The News Desk is a collection of news, notes and breaking items affecting the Fredericksburg community.
Game officials question photo
The photo has been making the rounds on Facebook, the grainy image showing what appears to be a large cat-like creature captured by a game camera around Todds Tavern in Spotsylvania County.
Is it a cougar, also known as a mountain lion or puma, as the post suggests? Or something else?
It’s almost certainly something else, says Rick Reynolds, a wildlife biologist with the Virginia Department of Game and Inland Fisheries, who looks into cougar reports from across the state. And it turns out that supposed sightings are not all that rare.
Reynolds, who works out of the Verona office, saw the purported Spotsylvania photo, taken in September, and showed it to another department biologist.
Because of the lighting and angle, “It’s difficult to analyze, and would benefit from other photos from the same camera in the same location,” he said.
Another issue with the image: “It’s hard to get a perspective of the size of this particular animal.” Specifically, there’s no clear clue to determine how large it is, relative to the grass and trees in the background.
“Another thing that caught our attention was the lack of a tail.” A cougar’s tail is about two-thirds the length of its body.
“You’re not catching much of a tail there at all,” he said, which might suggest that it’s a bobcat, which roam Virginia woods.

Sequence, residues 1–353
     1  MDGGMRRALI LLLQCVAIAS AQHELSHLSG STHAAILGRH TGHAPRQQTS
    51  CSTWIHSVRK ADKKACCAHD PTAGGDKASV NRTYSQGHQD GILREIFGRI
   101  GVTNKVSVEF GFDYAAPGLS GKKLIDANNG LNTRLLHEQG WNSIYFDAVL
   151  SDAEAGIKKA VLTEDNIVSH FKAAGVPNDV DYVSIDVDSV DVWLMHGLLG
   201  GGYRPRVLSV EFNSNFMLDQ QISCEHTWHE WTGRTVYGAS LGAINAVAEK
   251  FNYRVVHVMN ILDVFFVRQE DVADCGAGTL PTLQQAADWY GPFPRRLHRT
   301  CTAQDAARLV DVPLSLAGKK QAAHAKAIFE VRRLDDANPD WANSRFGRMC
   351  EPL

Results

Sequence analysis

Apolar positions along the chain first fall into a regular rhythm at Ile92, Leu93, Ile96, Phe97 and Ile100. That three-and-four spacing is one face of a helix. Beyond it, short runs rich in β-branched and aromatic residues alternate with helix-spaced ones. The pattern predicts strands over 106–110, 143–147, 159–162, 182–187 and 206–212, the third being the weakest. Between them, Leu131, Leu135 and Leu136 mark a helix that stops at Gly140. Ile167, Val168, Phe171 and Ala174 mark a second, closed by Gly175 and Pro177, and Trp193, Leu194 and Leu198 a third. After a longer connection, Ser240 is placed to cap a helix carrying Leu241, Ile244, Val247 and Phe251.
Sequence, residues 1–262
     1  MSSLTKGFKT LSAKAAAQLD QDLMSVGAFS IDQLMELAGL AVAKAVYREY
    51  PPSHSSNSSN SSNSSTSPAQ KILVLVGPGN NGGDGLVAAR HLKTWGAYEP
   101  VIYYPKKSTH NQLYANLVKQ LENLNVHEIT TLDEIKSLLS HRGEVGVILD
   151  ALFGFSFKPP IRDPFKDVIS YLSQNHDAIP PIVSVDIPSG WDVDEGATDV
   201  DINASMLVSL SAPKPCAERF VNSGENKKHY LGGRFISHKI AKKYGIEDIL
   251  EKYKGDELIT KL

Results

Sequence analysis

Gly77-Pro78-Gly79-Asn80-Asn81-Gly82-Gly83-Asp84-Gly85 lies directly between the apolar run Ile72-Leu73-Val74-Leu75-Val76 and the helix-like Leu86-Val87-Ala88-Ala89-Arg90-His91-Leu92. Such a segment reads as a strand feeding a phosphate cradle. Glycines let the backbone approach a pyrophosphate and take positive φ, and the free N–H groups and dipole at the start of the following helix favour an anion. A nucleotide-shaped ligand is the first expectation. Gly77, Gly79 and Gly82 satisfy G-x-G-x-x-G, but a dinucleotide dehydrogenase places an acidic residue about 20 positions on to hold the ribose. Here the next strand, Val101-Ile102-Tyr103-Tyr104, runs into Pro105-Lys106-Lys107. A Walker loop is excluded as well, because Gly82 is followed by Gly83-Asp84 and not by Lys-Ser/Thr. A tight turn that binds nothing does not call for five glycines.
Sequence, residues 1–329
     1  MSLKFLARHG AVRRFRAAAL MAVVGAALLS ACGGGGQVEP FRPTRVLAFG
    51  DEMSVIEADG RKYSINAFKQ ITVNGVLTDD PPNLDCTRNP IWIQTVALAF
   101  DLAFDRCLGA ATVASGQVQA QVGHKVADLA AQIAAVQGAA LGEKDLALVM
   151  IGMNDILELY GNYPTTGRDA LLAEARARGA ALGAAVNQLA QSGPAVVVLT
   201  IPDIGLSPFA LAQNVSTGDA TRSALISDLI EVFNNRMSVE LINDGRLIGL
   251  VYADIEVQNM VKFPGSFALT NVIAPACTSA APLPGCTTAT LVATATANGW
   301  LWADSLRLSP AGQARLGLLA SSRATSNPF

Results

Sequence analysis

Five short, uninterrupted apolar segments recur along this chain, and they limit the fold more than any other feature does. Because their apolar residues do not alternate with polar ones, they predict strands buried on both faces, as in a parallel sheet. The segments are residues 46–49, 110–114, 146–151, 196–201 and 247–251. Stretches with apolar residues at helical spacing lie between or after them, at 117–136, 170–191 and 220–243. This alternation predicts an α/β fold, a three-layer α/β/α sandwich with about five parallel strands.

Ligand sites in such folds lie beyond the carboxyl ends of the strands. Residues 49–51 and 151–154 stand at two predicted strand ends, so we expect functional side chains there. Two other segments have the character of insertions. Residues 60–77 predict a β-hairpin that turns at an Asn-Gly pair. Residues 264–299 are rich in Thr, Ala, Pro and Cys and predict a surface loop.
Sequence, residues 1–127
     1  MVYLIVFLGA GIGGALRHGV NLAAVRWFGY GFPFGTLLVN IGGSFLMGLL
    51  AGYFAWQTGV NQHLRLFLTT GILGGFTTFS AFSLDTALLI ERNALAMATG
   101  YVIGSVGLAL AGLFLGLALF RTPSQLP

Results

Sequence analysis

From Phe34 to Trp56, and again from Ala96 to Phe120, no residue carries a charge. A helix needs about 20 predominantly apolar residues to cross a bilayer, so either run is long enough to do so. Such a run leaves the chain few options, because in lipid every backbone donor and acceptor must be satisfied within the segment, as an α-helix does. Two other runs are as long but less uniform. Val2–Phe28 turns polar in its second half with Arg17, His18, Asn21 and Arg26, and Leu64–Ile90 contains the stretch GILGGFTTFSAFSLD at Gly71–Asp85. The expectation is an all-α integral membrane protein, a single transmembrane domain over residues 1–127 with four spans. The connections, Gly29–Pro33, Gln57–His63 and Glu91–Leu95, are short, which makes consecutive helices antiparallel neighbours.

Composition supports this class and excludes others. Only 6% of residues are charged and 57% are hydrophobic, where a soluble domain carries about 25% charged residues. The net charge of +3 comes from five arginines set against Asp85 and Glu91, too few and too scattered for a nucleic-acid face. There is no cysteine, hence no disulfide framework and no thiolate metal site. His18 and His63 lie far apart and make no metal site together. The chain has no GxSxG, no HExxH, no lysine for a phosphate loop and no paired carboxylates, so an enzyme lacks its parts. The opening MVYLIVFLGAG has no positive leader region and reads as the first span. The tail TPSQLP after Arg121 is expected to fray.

And Reynolds noted that part of the picture appeared to be cut off.
Reynolds typically gets about two cougar reports a month, and has been looking into them for about a dozen years.
Some photos he’s seen are convincing, and were actually cougars, he said. But it turns out the photos were taken in the West, where they still roam.
“I got a photo taken by someone who worked for a railway company over by Covington” in western Virginia, Reynolds said. It was supposedly taken in July, and there was snow in the background.
Another image shows a man with a dead cougar on the floor in a garage or a shed.
“But in the background, you see these deer racks that are obviously mule deer” native to the West, not [white-tailed deer] native to Virginia.
Reynolds says cougars are migrating eastward, and have been sighted east of the Mississippi.
In July 2011, a cougar found dead along a highway in Connecticut was traced to wild mountain lions in Illinois through DNA tests. It was the first one reported in that state in more than 100 years.
The migrating animals, Reynolds says, “for the most part are juvenile males being driven out of [their] territories.”
Reynolds says all reports here are taken seriously because “there is a potential for a cougar to show up in the state.”
There are mountain lions in zoos around the state.
“We pick up all kinds of wildlife that is not native to Virginia,” Reynolds said, such as alligators and pythons.
They end up in the wild, or someone’s backyard, when owners tire of them, or they escape.
The last cougar report, he says, came out of Marion, off Interstate 81 in Smyth County, in October.
According to the VDGIF website, there have been 121 possible sightings since 1970, but none has been confirmed. Most of those were in Shenandoah National Park and in the Bedford, Amherst and Nelson County region.
The last eastern mountain lions are believed to have disappeared by the 1940s, according to the Eastern Cougar Foundation.
Rusty Dennen: 540/374-5431
Once the most widely distributed land mammal in the Western Hemisphere, cougars have been eliminated in most of their native habitat. Only western cougars still live in large enough numbers to maintain breeding populations, and they live on wild lands in the western United States and Canada.
The service’s Northeast Region website has compiled its own list of “Cougar Tales” from the east. Read them at: fws.gov/northeast/ecougar/
–U.S. Fish & Wildlife Service